Foveon talked about its new digital camera which is astounding in its quality. The pictures they showed were nothing short of amazing. You could see the grain in the parchment of a rare manuscript or the facial pores in a beautiful model (which may be too much clarity!). It will yield insanely small and inexpensive cameras, with quality far above what we now have.

Gilder to his solid credit loves a little controversy. Most of the presentations were structured as debates, (especially my panel). Are the large telecoms walking dinosaurs which do not know their lease on existence is limited? Or do they have the critical mass and capital needed once Congress re-writes what all believe was a flawed telecom bill of 1996? (John Rutledge assures us that congress will pass a new bill, finally allowing true broadband to come to our homes). Will copper or fiber optics prevail? (The copper guy made some good points.) What will usher in the age of the all-optical network?

The promise of nano-technology is just around the corner. Analog is back and is now the cutting edge of research. The event closed with professor Carver Mead of Cal Tech, the godfather of the information age, giving us a riveting speech on the future.

Even in the debates, there was no question of whether or not technology will change our world. It was a debate about which technology or company. These are all truly amazing things. They are real and happening and will change our lives at some point.

Visiting the opposite extreme, if you only read Kurt Richebacher, Marc Faber, Gary North or Bill Bonner (his essay today was excellent) plus a dozen of their Austrian economic cohorts, you might want to move to the French countryside, buy some gold and wait for fall of western civilization. Those @#$% commie Chinese are going to overwhelm us all.

And by and large they are pointing out real economic truths. There are limits. Bubbles will always burst. Too much debt is not good. Governments will in most cases and in most places make things worse. It takes two new laws to correct the problems of the original law, and will cost twice as much as the problem they were created to fix.

The Bottom Right Hand Corner

So who is right? While each may appear to be right at some point in time, over the long run it is somewhere in the middle that we find a balance.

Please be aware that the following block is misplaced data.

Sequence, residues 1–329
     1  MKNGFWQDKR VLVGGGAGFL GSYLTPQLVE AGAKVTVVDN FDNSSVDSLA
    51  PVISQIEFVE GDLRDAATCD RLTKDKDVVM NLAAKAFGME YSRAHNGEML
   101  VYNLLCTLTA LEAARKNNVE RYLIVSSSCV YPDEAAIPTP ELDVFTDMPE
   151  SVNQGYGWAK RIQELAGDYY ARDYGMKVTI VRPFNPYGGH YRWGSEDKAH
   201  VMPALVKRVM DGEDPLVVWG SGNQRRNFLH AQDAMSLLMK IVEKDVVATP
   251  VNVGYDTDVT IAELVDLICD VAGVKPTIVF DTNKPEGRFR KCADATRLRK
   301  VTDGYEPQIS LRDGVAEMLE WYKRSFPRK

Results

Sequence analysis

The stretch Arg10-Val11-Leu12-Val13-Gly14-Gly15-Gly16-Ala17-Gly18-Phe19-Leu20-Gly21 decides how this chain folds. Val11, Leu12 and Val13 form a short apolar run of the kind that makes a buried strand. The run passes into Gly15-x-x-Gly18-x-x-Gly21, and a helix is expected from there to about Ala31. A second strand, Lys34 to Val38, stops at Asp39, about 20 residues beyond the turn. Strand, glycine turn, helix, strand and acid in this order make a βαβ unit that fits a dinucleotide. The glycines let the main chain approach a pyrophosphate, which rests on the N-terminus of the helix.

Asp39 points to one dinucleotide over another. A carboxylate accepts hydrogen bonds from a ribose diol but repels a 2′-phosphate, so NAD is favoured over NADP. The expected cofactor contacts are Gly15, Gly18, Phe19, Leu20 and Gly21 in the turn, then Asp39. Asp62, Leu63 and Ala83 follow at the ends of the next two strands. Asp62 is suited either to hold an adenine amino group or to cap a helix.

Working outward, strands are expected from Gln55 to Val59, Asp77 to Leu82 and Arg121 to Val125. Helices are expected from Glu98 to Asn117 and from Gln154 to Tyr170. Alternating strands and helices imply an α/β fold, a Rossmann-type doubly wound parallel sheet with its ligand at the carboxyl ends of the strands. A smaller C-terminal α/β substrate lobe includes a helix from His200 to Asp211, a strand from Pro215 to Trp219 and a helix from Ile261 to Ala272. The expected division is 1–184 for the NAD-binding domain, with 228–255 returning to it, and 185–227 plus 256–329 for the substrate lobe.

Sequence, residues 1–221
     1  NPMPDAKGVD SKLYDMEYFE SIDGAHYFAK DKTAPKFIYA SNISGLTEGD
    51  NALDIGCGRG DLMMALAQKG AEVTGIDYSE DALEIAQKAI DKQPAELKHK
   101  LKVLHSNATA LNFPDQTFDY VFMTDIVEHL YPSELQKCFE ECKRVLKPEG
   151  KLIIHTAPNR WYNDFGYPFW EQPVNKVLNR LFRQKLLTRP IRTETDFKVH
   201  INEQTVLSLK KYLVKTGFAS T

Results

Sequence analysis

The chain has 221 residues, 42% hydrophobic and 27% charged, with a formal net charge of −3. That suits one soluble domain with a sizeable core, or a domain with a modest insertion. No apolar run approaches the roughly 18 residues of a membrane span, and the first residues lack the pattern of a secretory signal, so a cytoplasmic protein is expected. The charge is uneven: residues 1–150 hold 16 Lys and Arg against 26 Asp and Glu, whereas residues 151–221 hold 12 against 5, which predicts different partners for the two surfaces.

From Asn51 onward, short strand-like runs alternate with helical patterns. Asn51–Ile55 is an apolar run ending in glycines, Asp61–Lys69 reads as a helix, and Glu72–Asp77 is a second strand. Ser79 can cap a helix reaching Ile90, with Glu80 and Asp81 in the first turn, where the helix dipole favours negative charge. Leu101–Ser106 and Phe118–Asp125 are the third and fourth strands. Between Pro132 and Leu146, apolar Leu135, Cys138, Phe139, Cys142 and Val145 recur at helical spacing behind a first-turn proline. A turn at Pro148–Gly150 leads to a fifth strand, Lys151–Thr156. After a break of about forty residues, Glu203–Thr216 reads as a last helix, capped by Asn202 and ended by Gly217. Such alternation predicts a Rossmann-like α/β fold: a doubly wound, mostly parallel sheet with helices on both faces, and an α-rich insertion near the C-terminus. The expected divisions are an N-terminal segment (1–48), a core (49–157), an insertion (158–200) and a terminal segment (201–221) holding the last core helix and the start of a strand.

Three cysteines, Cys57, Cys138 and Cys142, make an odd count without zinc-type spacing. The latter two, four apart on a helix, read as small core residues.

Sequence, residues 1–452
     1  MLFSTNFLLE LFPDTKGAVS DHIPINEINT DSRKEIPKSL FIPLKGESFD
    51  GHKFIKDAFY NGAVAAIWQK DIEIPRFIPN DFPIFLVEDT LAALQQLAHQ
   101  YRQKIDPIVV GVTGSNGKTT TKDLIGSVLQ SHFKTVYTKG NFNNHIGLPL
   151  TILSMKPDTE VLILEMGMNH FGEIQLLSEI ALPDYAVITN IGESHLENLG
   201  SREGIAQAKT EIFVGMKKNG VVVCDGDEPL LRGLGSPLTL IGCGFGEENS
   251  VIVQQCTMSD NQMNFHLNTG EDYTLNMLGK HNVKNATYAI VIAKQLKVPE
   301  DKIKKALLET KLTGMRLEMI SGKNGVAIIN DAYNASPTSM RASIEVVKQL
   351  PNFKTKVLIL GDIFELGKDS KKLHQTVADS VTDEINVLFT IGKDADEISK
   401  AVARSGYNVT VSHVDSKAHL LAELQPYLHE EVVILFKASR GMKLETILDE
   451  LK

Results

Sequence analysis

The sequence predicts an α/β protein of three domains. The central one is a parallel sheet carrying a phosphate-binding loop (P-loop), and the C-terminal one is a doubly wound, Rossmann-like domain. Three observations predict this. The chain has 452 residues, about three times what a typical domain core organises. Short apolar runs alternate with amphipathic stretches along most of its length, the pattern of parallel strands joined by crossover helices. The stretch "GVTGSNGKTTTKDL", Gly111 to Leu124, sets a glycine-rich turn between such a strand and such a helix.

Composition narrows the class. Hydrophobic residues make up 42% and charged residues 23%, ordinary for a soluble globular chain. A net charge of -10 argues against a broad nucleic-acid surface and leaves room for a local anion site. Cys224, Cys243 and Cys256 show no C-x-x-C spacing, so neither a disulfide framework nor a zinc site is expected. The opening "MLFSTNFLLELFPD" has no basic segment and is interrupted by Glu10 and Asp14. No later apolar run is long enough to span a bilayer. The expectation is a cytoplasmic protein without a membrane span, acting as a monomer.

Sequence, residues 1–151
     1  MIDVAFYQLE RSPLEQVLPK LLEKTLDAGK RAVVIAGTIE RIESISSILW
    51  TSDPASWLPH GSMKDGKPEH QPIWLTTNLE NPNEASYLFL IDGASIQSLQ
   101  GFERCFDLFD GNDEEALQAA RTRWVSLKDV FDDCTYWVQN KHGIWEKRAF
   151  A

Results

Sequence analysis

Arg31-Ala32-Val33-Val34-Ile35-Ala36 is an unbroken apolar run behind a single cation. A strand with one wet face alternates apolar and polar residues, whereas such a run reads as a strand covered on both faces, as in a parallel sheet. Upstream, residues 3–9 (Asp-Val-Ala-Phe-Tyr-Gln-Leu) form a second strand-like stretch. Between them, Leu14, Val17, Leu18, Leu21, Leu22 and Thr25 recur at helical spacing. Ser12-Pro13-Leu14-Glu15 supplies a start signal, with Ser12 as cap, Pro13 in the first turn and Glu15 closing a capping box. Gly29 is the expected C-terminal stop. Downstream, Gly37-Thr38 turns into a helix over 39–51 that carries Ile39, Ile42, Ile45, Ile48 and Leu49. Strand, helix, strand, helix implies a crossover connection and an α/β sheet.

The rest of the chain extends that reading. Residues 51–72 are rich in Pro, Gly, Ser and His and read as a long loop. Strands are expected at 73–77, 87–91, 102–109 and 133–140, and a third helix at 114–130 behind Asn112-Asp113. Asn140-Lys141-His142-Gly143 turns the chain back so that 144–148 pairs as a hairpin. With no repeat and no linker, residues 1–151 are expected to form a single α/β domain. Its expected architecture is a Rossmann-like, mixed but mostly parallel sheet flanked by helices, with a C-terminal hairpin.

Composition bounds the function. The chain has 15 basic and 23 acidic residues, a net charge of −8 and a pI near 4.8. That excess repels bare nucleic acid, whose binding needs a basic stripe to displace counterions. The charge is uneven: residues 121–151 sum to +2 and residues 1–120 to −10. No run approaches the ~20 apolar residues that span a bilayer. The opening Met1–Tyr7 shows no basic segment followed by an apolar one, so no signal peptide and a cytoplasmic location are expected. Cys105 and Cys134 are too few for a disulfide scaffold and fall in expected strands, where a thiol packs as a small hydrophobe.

The optimists are looking at the asset side of the ledger. The pessimists look at the liabilities. I would encourage you to look at the bottom right corner of the balance sheet. Sometimes the number is positive and sometimes it is negative, but it is rarely at the extremes. If you focus on the balance, you have a much greater chance of being right in the long run, and keeping your investments balanced as well.

My view is simple. AS I look out over the horizon, I notice a lot of problems. I could have added several more headwinds to my list of nine last week. I did not mention demographics, government deficits, under-funded pensions, or dependency ratios. Nor did I mention Iraq and other global concerns. Once can get quite pessimistic.

How then, can I be so, well, Muddle Through? Because there are lots of good things happening as well. There are in fact assets in the ledger. It is a little easier to see them right now than it will be in the middle of the next recession, but they will still be there. The bottom right hand number (the net balance) may have turned negative, the assets may not outweigh the liabilities for awhile, but that is just part of the cycle. The dollar will not always go down, the markets will not always go sideways nor will any economic activity stay in balance. "Things" go up and down.

The one trend in place is the overall advance of mankind. That trend will stay in place, in fits and starts, as long as the trend in freedom is in place.

Bringing Out Your Inner Spock

There is a reason I write so much about the psychological aspects of investing. Unless we can "Find Our Inner Spock," we tend to go on our emotions and most recent input. And those emotions can well and truly be influenced by the crowd we run in and the investments we already have. How easy is it to be bullish about the future if you are creating it, literally designing the building blocks which will allow the human race to advance into the next brave new world? If you have a large gold or short position, and only read and run with the bears, it is easy to see things through a shaded lens.

That is why it is so important to read those who disagree with you. I find that when I disagree with someone, it is almost always because of their basic presuppositions - their premises and assumptions that they bring to the table before they start looking at the facts. Most people are logical. If you give them their presuppositions, you will probably end up logically with their conclusions. (That's why a good demagogue can lead a crowd, but that's another subject.)